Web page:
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Kelleytown is an unincorporated community in Henry County, Georgia, United States. Kelleytown is within the postal limits of McDonough and as such, most residents list McDonough as their city. The community is located eight miles (13 km) northeast of the historic downtown McDonough Square. The community has produced many prominent Henry Countians including Congressmen, a mayor, commissioners, judges, attorneys, politicians, educators, and many professional, highly respected businessmen and women.
- 1 History
- 2 Politics
- 3 Pleasant Grove School
- 4 Kelley Presbyterian Church
- 5 Kelley Chapel Baptist Church
- 6 The Kelleytown General Store and Henry County's first drive-in theater
- 7 Dr. J.G. Smith and Kelleytown's power plant
- 8 Edgar Owen's waterwheel
- 9 Geography
- 10 Demographics
- 11 Sources
- 12 References
- 13 External links
Kelleytown was a place where happiness was a state of mind - the boys there were handsome and athletic and walked the world with confidence. Rather than being country, the girls were like princesses. They were the most popular and talented, and they were all you ever wanted to be. And relations between the blacks and the whites who lived there were that of community.— Mary Jane Owen, 2004
Kelleytown (known in the early 20th century as Kelleystown) is an unincorporated center whose inhabitants made many worthwhile contributions to Henry County history. The people of Kelleytown are known for their hospitable Southern charm. Southern history is, more than any other region, the history of its families. The names Chafin, Crumbley, Elliott, Owen, Hightower, Phillips, and Thompson figure prominently in the community. It is from the Kelley family, one of Henry County's founding families, that Kelleytown Community and Kelley Presbyterian Church derived their names. The 1850 Henry County Census notes ten people with the Kelley surname.
White House Community became established around the homestead of a first settler Silas Moseley, and Kelleytown Community around that of his brother Benjamin Moseley (1787–1851). Reuben Kelley (1800–1875), another first settler of Henry County, married Mary Moseley (1807–1895), a daughter of Benjamin, and settled nearby. According to land ownership records and census data, Reuben Kelley was originally from Greene County. Today their old homeplace remains in a dilapidated state off of Kelleytown Road, and the original Kelley family graveyard is in the back of the property. There are ten graves, including three that are unmarked. All the monuments have fallen from their bases and are weatherworn.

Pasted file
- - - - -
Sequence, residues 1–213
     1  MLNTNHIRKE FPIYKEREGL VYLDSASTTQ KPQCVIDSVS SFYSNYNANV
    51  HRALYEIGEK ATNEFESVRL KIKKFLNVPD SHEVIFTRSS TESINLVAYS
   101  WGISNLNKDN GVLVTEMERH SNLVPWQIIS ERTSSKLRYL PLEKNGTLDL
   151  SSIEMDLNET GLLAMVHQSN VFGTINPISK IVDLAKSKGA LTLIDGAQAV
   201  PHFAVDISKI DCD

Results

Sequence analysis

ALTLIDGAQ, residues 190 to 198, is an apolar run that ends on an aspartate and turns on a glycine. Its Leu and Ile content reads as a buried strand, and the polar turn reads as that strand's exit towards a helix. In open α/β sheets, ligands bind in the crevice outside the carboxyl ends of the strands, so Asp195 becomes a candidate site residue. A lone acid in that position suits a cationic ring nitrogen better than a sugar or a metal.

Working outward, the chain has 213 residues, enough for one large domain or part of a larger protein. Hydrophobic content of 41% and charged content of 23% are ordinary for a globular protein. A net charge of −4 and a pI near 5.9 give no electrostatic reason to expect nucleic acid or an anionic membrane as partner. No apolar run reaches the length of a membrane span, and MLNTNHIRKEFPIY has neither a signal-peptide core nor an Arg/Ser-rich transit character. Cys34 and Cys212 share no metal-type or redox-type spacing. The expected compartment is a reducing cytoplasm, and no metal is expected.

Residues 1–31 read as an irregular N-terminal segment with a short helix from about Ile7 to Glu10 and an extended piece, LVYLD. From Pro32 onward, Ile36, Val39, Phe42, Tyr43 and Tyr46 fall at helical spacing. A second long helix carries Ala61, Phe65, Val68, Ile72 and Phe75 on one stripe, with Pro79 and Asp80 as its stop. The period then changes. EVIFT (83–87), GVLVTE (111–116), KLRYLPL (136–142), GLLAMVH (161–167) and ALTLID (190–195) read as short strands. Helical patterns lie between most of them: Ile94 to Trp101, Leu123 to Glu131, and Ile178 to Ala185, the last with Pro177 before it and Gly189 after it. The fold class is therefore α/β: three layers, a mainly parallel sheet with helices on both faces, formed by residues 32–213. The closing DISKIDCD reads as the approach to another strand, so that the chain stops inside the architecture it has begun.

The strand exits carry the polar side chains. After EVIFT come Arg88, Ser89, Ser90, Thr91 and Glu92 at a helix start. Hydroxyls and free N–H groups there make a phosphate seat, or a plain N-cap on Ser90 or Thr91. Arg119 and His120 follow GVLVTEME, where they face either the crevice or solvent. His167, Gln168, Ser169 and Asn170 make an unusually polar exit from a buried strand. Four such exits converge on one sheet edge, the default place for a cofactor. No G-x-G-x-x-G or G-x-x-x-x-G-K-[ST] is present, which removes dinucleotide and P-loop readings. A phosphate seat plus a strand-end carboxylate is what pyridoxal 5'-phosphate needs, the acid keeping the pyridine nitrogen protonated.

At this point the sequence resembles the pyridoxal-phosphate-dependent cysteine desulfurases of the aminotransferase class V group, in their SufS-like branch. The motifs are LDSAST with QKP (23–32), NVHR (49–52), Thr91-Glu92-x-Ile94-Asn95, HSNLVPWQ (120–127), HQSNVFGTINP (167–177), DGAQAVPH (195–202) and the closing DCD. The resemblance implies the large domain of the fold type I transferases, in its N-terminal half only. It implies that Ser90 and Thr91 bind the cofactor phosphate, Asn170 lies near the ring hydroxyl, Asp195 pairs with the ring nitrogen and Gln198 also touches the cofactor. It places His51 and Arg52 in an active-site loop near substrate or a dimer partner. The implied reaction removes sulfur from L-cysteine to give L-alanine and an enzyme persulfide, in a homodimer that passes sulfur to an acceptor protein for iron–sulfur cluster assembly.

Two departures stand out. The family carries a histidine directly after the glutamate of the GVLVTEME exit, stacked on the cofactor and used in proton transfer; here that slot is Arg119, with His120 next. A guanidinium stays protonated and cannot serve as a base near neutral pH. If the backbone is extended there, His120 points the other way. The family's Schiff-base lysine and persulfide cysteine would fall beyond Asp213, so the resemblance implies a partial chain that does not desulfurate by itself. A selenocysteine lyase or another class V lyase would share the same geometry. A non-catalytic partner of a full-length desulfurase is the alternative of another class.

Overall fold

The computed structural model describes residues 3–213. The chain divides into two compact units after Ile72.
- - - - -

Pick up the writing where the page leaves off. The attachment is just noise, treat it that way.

Several of the Kelleys served in the Confederate States Army during the American Civil War. Thomas Hughey Kelley (1832–1865), son of Reuben and Mary, enlisted March 6, 1862 and served in Company I of the 44th Regiment, Georgia Volunteer Infantry, Doles-Cook Brigade, Army of Northern Virginia, of the Confederate States Army. At the time of the War he was in his mid-30s and had a wife and three young children at home. He was captured at the Battle of Spotsylvania Court House on May 10, 1864, and held prisoner by the Yankees at Fort Delaware where he died of disease contracted in the prison. He is buried in Finns Point National Cemetery in New Jersey.
Captain Henry Holcombe Kelley (1834–1910) married Alice Cloud Elliott and they lived and reared their family at the crossroads at Kelleytown. The couple had four children: son, Thomas Cloud (1869–1963) and daughters Kate, Maude, and Elon. Kate married Edgar Owen, Maude married Henry Owen, and Elon married Manse Crumbley. All continued to live in Kelleytown. Henry was one of Henry County's prominent and most widely known citizens. A June 1885 issue of The Henry County Weekly proclaims that "H.H. Kelley has the best patch of cotton in his district." He was a confederate veteran, and during the Civil War commanded a company in the Nineteenth Georgia Regiment. Another article in The Henry County Weekly states, "Beneath the giant oaks that form the beautiful grove near Mr. Henry Kelley's home on the 8th day of August 1900, was held the reunion of Company B, 2nd Georgia Battalion, Georgia Reserves. This was the first time these comrades had met since they parted more than 30 years ago."
Following in the footsteps of his father, Thomas Cloud Kelley (known as "T.C.") was a successful entrepreneur and owned over 1,000 acres (4 km2) of land that featured a working farm, cotton plantation, cotton gin, sawmill, and dairy in Kelleytown. As such, he was respected as a progressive businessman in Henry County. He took an active interest in the welfare and further building of the County in all areas for most of his life. He was a public-spirited man, having formerly served as commissioner from 1917-1920. He was a Freemason, and a charter member of the old White House Masonic Lodge.